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The Natural MusicianOn abilities, giftedness, and talent$
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Dina Kirnarskaya

Print publication date: 2009

Print ISBN-13: 9780199560134

Published to Oxford Scholarship Online: March 2012

DOI: 10.1093/acprof:oso/9780199560134.001.0001

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The expressive ear for music

The expressive ear for music

(p.46) (p.47) The expressive ear for music
The Natural Musician

Dina Kirnarskaya

Oxford University Press

Music, the quintessence of sound, is ordered in such a way that man perceives it almost as a living being, as a voice addressing him. The property of the human ear specially geared for the perception of the emotional-ideational aspects of music is called the intonational (or expressive) ear for music. The expressive ear is universal: everyone possesses it, at least to some extent. It is capable of seeing spatial images in music, almost pictures. Musical perception is closely connected with spatial imagination. The notion of the heredity of musical talent has been confirmed indirectly. The ‘environment idea’ as the explanation of the child's musicality is dismissed by the rest of musical children with good expressive ear. Isn't it a prompt that musical abilities may really carry a heavy footprint of inborn origin, in some cases clearly hereditary while in other cases not? It is possible that people with a good expressive ear for music may be more motivated; they are inclined to love music. This part also discusses the sense of beat, rhythm, and pitch in music, along with the so-called analytical ear.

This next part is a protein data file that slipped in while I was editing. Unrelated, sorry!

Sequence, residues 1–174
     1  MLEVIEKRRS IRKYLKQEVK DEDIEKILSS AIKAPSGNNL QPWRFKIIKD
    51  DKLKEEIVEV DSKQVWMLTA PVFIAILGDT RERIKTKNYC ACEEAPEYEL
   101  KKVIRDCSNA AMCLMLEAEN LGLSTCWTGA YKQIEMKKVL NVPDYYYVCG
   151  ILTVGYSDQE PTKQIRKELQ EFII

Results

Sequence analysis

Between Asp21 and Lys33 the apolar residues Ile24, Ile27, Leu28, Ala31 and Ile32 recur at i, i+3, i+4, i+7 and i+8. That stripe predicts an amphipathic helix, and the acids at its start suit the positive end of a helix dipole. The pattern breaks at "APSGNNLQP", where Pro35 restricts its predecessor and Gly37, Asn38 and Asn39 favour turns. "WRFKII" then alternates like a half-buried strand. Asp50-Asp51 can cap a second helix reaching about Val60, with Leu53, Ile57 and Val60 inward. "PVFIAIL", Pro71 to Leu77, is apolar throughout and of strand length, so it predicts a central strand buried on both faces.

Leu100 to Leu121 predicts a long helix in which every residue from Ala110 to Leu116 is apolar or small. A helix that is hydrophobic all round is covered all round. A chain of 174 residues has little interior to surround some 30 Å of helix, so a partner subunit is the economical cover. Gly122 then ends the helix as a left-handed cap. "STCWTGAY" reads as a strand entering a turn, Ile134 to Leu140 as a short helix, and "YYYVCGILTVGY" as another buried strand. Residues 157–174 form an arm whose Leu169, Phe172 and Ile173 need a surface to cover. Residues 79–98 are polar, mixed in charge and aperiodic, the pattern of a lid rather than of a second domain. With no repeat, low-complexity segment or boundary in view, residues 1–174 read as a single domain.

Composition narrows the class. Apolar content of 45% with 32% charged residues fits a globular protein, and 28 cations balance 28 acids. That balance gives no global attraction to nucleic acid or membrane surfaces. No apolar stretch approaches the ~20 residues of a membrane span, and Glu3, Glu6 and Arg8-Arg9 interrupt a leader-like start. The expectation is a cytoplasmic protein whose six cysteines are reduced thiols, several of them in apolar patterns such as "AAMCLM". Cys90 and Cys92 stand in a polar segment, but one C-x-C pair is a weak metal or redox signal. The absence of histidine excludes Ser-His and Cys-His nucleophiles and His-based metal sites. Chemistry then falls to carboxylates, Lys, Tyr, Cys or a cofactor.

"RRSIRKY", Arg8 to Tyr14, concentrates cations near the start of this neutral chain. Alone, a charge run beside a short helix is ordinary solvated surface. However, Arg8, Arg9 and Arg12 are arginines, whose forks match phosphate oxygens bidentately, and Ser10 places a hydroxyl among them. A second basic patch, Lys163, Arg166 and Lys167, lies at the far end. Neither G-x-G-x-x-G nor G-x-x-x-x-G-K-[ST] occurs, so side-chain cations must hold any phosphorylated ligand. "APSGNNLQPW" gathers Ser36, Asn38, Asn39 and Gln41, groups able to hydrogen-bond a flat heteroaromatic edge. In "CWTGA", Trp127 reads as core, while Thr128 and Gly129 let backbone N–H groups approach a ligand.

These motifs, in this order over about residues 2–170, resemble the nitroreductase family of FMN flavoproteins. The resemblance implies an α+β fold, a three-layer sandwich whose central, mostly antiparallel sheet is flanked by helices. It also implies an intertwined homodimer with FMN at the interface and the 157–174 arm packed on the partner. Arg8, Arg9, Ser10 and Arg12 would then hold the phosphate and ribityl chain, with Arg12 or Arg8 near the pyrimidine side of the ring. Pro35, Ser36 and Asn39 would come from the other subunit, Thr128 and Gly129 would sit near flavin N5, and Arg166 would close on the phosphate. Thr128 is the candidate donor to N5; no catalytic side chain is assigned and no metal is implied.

Keywords:   music, sound, expressive ear, musical abilities, musicality, musical perception, heredity, musical talent, analytical ear

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